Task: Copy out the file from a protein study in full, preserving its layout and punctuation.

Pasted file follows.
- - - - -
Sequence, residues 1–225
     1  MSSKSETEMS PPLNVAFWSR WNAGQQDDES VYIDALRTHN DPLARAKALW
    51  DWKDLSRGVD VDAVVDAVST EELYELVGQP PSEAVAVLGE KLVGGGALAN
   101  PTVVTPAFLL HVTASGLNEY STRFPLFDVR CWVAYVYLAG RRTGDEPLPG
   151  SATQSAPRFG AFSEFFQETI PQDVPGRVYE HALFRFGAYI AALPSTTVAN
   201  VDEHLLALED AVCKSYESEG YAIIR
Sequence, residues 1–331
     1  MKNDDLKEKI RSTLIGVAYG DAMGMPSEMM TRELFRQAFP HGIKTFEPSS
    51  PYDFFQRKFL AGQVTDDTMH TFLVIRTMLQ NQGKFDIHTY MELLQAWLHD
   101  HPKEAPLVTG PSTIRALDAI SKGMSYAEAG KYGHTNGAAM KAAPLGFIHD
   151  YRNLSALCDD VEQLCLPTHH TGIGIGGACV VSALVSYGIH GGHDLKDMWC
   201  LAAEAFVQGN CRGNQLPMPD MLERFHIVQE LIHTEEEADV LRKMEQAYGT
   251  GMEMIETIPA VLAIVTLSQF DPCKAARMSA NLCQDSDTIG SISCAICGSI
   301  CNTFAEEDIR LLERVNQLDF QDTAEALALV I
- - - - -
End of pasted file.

Sequence, residues 1–225
     1  MSSKSETEMS PPLNVAFWSR WNAGQQDDES VYIDALRTHN DPLARAKALW
    51  DWKDLSRGVD VDAVVDAVST EELYELVGQP PSEAVAVLGE KLVGGGALAN
   101  PTVVTPAFLL HVTASGLNEY STRFPLFDVR CWVAYVYLAG RRTGDEPLPG
   151  SATQSAPRFG AFSEFFQETI PQDVPGRVYE HALFRFGAYI AALPSTTVAN
   201  VDEHLLALED AVCKSYESEG YAIIR
Sequence, residues 1–331
     1  MKNDDLKEKI RSTLIGVAYG DAMGMPSEMM TRELFRQAFP HGIKTFEPSS
    51  PYDFFQRKFL AGQVTDDTMH TFLVIRTMLQ NQGKFDIHTY MELLQAWLHD
   101  HPKEAPLVTG PSTIRALDAI SKGMSYAEAG KYGHTNGAAM KAAPLGFIHD
   151  YRNLSALCDD VEQLCLPTHH TGIGIGGACV VSALVSYGIH GGHDLKDMWC
   201  LAAEAFVQGN CRGNQLPMPD MLERFHIVQE LIHTEEEADV LRKMEQAYGT
   251  GMEMIETIPA VLAIVTLSQF DPCKAARMSA NLCQDSDTIG SISCAICGSI
   301  CNTFAEEDIR LLERVNQLDF QDTAEALALV I